Thursday November 9, 2017
The Center for Disease Control and Prevention reports1 that arthritis affects 54.4 million adults. This staggering statistic makes it one of the most common causes of disability for persons in the United States. Arthritis is a broad overarching category that can be used to refer to instances of joint pain or disease. It covers over 100 different manifestations and related conditions, the most common of which are osteoarthritis (OA) and rheumatoid arthritis (RA). Arthritis can affect anyone of all races, ethnicities and age groups. It is most prevalent in persons ages 65 or older, affecting nearly half of this population, and affects more women than men.
What are the symptoms of arthritis?
Symptoms may vary depending on the type of arthritis the patient has; the most common symptoms patients experience are:
- Decreased range of motion
- Swelling in or around the joints
How was arthritis treated in the past?
Treatment plans typically included any, or a combination of, the following: medication, surgery, or activity restrictions. Treatments with analgesics (acetaminophen), non-steroidal anti-inflammatory drugs (NSAIDs) (ibuprofen and diclofenac), and COX2 inhibitors (Celebrex) have significant risks of adverse effects, such as gastrointestinal bleeding with NSAIDs and myocardial infarction with COX2 inhibitors.
Risks of Nonsteroidal Anti-Inflammatory Drugs (NSAIDs)
- Edema (swelling of the feet)
- Stomach upset and stomach ulcers
- Possible increased risk of blood clots, heart attack and stroke
Risks of Corticosteroids
- Elevated blood fats and blood sugar levels
- Increased appetite
- Bone loss
Recent advancements in modern technology have demonstrated the beneficial effect of light on arthritic joints. Low level laser therapy was introduced as an alternative non-invasive treatment for RA and OA about 10 years ago. The application of non-invasive, drug-free light has provided reduction in swelling, inflammation and pain to affected joints.
What is Low Level Laser Therapy?
Low level laser therapy (LLLT) or Photobiomodulation (PBM) is like photosynthesis in plants: a means of creating usable cellular energy by the absorption of light by photosensitive organelles. The anti-inflammatory effects of LLLT have been reported as significant reductions in inflammatory cell infiltration and inflammatory cytokines 24 hours later. A lower laser power was more effective than a higher laser power.2
Research demonstrates the effectiveness of a combined medication and light therapy for reduction of arthritis symptoms. A significant long-term study performed by Antipa C. et al.3 looked at patients with either rheumatoid or non-rheumatoid diseases. For five years, they recorded the efficacy of laser therapy by comparing groups of patients that received anti-inflammatory medication against a placebo laser control group and two groups with laser therapy. The results showed that the combined laser group did, in fact, have equal to or better results than anti-inflammatory therapy alone. This is conclusive to the suggestion that laser therapy should be incorporated as an adjunctive therapy for patients with arthritis to significantly reduce their pain.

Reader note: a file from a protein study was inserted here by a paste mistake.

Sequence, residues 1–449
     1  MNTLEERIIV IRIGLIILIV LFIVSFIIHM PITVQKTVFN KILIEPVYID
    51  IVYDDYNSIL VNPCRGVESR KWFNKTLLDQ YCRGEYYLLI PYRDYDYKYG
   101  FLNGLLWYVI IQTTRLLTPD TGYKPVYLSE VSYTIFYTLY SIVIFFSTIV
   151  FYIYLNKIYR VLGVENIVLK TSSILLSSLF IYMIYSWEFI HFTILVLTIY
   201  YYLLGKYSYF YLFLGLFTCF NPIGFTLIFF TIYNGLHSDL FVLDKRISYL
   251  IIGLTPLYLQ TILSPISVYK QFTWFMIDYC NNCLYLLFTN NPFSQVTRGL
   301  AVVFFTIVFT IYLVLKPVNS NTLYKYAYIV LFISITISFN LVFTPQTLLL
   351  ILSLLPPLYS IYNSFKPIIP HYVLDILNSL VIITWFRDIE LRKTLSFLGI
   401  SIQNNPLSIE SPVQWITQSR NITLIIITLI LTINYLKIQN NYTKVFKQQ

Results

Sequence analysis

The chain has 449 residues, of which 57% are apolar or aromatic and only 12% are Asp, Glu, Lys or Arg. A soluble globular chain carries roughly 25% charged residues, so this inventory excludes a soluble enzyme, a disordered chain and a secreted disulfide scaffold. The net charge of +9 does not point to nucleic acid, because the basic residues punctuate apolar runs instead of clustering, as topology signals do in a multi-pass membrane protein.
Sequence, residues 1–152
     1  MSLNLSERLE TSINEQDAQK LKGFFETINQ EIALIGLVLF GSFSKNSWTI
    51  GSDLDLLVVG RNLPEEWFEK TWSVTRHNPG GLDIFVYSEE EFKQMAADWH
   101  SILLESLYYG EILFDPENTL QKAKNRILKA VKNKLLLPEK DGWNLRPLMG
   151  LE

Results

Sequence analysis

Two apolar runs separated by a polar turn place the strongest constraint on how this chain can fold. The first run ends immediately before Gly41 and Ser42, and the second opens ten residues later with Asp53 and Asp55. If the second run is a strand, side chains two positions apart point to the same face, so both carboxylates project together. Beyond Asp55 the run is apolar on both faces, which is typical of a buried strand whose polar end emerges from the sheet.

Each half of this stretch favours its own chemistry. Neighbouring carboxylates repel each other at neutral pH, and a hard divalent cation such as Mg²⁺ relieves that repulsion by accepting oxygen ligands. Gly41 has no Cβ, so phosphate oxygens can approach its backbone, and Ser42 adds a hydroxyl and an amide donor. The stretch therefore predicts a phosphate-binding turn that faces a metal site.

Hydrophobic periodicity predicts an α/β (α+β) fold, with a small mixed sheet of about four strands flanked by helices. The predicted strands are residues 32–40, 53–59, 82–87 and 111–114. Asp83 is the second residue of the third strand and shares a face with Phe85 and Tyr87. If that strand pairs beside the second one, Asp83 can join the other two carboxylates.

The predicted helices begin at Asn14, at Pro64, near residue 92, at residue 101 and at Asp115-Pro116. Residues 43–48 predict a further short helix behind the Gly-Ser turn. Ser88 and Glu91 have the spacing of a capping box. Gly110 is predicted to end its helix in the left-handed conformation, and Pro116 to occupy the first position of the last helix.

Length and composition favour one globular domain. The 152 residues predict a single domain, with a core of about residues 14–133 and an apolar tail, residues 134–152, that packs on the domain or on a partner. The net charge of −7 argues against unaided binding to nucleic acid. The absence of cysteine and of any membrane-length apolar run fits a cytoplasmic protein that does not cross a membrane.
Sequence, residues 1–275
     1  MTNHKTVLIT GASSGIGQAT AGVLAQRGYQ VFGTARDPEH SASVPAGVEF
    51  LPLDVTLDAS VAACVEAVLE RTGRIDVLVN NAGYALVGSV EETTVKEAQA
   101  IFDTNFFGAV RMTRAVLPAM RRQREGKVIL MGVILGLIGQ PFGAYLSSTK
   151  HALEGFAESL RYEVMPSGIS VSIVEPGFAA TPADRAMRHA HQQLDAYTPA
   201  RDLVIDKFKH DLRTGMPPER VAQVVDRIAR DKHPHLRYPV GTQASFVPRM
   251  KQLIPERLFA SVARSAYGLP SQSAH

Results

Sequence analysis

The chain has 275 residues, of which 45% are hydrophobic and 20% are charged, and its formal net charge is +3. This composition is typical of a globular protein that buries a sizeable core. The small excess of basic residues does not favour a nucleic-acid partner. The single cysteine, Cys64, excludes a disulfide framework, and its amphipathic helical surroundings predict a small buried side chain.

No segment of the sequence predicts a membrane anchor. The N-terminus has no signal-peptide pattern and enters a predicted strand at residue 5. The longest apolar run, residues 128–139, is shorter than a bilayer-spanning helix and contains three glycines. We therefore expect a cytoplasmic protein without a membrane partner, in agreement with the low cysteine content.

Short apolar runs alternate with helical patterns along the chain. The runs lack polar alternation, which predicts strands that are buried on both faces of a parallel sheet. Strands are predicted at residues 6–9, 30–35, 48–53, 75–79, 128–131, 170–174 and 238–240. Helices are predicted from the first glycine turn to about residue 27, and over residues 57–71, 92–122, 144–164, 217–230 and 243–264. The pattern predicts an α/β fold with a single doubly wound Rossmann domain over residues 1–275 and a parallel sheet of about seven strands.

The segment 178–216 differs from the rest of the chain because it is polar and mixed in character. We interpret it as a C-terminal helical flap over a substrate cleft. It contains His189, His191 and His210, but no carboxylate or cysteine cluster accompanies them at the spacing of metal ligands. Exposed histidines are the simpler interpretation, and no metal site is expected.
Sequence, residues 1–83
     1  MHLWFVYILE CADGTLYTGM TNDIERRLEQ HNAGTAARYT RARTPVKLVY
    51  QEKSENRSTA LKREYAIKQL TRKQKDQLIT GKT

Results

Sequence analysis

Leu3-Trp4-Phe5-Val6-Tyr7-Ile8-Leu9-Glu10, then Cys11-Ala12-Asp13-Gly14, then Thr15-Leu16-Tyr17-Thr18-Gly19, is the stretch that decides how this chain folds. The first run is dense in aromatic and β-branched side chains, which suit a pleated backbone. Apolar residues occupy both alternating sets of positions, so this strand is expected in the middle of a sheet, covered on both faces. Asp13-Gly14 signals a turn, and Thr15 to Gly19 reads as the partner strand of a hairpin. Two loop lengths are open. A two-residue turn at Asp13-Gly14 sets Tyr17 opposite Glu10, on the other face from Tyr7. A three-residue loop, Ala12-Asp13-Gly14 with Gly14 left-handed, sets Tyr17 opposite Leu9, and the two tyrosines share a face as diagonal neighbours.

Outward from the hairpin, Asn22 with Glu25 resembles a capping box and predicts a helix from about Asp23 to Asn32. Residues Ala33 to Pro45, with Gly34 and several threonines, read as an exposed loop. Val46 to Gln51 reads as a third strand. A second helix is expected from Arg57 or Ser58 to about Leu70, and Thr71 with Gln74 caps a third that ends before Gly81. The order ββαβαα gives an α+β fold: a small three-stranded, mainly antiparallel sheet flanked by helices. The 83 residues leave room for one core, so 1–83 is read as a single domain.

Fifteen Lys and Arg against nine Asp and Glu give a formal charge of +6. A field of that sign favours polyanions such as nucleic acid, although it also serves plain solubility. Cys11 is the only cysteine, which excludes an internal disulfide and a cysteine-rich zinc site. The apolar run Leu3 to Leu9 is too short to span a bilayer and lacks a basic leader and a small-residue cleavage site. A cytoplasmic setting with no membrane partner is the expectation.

Laser Therapy Treatment Plans
In general, the following clinical guidelines should be considered when applying LLLT to any type of arthritic joint:
- Smaller doses, in the range of 1-2 minutes with 5-250 Hz or 8-12 J should be given initially
- More frequent doses generally provide better outcomes
- General stimulation of the blood or photohemotherapy (PHT) should be included to provide additional beneficial effect. 50 Hz for 5 minutes or 30 J to the proximal artery of affected joint is the target location
- After symptoms have been abated, treatment should be done on an as-needed basis and/or done preventatively to minimize outbreaks
Light therapy has been used successfully to treat arthritis and other types of pain for decades. PBM works by improving energy production in joint cells, which lowers inflammation and normalizes function. LLLT should be considered for short-term relief of pain and morning stiffness, particularly since it has no known side effects
- Hamblin, M. R. (2013). Can osteoarthritis be treated with light?. Arthritis research & therapy, 15(5), 120.
- Antipa C. et al. Comparative effects of various IR low engergy diodes in the treatment of the rheumatic diseases In press (Monduzzi Editore, Bologna)